Alabama 6-Year-Old Suspended for Using ‘Finger Guns’ During Cops and Robbers Game

An attorney for the boy’s father said the game was “age-appropriate play for two young boys.”
Alabama 6-Year-Old Suspended for Using ‘Finger Guns’ During Cops and Robbers Game
The shadows of three children playing on swings on June 7, 2022. (Badru Katumba/AFP via Getty Images)
Michael Clements
Updated:
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It’s become a cliché that when a student breaks a rule, a teacher or administrator may threaten them with punishment that will remain on their “permanent record.” But for one Alabama 6-year-old, that threat seems plausible, and the child’s father is not having any of it.

“They labeled my six-year-old as a potentially violent and dangerous student because he was being a little boy and playing cops and robbers with another student (who was also suspended) and using his fingers like a gun,” Jarrod Belcher, the boy’s father, wrote in a statement released Friday, Sept. 8.

According to a Jefferson County Board of Education “Due Process Referral for Class III Infractions” form released by Gun Owners of America (GOA), Mr. Belcher’s son was “using gun fingers to shoot at another student.”

The boy was suspended from school pending a hearing with his parents.

The Jefferson County School District did not respond to a request for comment.

Following the parents’ complaint, the disciplinary action has been downgraded to a less severe Class II Infraction. But Mr. Belcher said that is not enough.

Erich Pratt, senior vice president for Gun Owners of America, in an interview on NTD's Capitol Report on May 28, 2022. (NTD/Screenshot via The Epoch Times)
Erich Pratt, senior vice president for Gun Owners of America, in an interview on NTD's Capitol Report on May 28, 2022. (NTD/Screenshot via The Epoch Times)

“It should be noted that punching or hitting a student would have only been a Class II violation, so in the eyes of these school administrators, a finger gun is more serious than punching a classmate in the nose,” Mr. Belcher’s statement reads.

He said his son shouldn’t be punished as no one was hurt.

“Many noses have been broken by fists, but in the last 600 years since the invention of firearms, not a single person has been so much as bruised by a ‘finger gun,’” he wrote.

Gun Owners of America (GOA) and Freeland Martz Attorneys of Oxford, Mississippi, have joined Mr. Belcher in demanding the Jefferson County School District clear the boy’s disciplinary record.

The gun rights advocates got involved because they say this type of action portrays guns and gun owners negatively for children.

Perpetuating ‘Anti-Gun Mindset’

“This incident just goes to show how embedded the anti-gun mindset is in so many communities, including in red states like Alabama. I imagine most men ... can recall having played in a similar fashion in their own youth,” Erich Pratt, GOA senior vice president, wrote in a statement released Sept. 8. “We will continue to demand action until a full apology is made and all disciplinary records tied to this incident are permanently destroyed.”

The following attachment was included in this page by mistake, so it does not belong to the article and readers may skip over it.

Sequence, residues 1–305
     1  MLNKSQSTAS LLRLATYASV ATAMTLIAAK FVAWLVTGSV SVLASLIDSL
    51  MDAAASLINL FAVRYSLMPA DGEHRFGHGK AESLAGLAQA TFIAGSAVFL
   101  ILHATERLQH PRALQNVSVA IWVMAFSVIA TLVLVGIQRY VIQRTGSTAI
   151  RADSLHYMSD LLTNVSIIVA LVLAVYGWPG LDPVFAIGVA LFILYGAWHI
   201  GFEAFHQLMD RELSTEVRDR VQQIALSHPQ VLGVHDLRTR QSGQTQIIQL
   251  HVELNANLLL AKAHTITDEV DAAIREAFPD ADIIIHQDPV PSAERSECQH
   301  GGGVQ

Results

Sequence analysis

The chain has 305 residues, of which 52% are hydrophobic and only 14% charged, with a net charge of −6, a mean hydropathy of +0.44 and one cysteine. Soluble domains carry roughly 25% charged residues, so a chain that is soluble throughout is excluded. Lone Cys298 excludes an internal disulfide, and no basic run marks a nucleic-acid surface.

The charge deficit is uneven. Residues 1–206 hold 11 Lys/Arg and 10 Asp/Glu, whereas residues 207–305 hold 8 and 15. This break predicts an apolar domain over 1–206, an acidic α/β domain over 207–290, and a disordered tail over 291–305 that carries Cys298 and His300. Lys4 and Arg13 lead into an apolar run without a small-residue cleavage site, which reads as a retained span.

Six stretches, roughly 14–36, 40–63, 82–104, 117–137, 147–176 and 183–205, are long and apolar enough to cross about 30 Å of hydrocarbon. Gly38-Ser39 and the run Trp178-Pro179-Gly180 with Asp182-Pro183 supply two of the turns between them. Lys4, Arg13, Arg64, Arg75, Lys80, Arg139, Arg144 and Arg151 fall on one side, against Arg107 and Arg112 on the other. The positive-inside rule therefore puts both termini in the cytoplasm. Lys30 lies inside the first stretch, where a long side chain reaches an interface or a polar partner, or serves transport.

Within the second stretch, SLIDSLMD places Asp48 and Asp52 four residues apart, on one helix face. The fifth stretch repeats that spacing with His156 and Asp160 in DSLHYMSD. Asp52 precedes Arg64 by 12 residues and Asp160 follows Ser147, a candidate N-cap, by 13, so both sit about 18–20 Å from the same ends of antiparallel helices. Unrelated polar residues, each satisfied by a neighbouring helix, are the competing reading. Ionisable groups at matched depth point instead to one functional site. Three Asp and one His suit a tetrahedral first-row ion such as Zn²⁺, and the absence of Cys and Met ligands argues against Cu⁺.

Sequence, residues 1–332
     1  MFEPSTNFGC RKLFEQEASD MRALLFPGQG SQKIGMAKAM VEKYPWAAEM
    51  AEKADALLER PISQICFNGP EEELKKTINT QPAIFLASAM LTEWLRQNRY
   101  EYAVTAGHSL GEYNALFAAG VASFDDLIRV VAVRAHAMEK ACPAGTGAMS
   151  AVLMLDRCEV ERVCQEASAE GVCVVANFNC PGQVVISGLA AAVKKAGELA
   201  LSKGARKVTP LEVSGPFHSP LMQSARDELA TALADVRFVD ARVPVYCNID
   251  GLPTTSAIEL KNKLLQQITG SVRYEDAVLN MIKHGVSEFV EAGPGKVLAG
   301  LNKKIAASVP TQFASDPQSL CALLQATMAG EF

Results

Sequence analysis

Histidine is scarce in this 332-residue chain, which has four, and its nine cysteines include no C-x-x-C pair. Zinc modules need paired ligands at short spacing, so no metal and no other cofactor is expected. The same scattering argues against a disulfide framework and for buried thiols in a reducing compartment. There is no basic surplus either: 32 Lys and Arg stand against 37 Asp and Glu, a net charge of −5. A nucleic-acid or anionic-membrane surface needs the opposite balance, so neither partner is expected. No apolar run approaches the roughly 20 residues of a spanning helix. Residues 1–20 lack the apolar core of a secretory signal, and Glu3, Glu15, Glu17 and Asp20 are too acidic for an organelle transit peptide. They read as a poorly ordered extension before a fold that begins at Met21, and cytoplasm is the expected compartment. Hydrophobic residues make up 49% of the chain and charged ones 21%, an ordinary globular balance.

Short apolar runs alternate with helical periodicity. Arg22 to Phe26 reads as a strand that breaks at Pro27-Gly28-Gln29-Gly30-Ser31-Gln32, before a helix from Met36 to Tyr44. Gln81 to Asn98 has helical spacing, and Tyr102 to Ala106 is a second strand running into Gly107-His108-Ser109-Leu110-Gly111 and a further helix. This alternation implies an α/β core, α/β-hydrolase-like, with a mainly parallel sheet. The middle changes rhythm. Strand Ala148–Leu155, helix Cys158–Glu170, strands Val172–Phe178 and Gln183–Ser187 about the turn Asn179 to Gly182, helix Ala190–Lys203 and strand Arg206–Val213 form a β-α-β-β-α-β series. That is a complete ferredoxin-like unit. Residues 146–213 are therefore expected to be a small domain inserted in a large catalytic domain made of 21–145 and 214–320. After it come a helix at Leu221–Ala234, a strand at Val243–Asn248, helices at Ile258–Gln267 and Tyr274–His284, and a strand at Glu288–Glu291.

An attorney representing Mr. Belcher sent a demand letter to the Jefferson County School District. In that letter, he calls the disciplinary action an “asinine” reaction to “age-appropriate play for two young boys.”

“Candidly, I thought the story may be a hoax until I reviewed the paperwork generated by the school,” attorney M. Reed Martz wrote in the demand letter.

According to the letter, on Sept. 1, 2023, two boys were playing “cops and robbers” during recess at Bagley Elementary School.

“During the course of their play, the children reportedly extended their index fingers and thumbs and said ‘bang-bang’ at each other,” the letter reads.

Class III: Drugs, Guns, Explosives

The child, identified as J.B., was suspended and accused of committing a Class III infraction. This is the district’s most serious infraction. According to the Jefferson County School District’s Student Parent Handbook, Class III infractions include possession of guns or explosives, sexual battery, battery of a school district employee, and robbery, among others.

The boy would only be allowed back in school after a hearing with his parents and the district.

Mr. Martz wrote that downgrading the infraction to a Class II Infraction was “too little, too late.” He noted that the district must ensure that the student’s disciplinary record is clear and that no other students are disciplined for this reason in the future.

“Further, the school district should confirm that it will allow age and context-appropriate playtime activities which cause no substantial disruption, contain no actual, implied or perceived threat and pose no danger to anyone, and that, in the future, no student will face punishment or removal, regardless of whether students or staff would prefer young boys not use ‘gun fingers’ as part of their play,” Mr. Martz’s letter reads.

Michael Clements is an award-winning Epoch Times reporter covering the Second Amendment and individual rights. Mr. Clements has 30 years of experience in media and has worked for outlets including The Monroe Journal, The Panama City News Herald, The Alexander City Outlook, The Galveston County Daily News, The Texas City Sun, The Daily Court Review,
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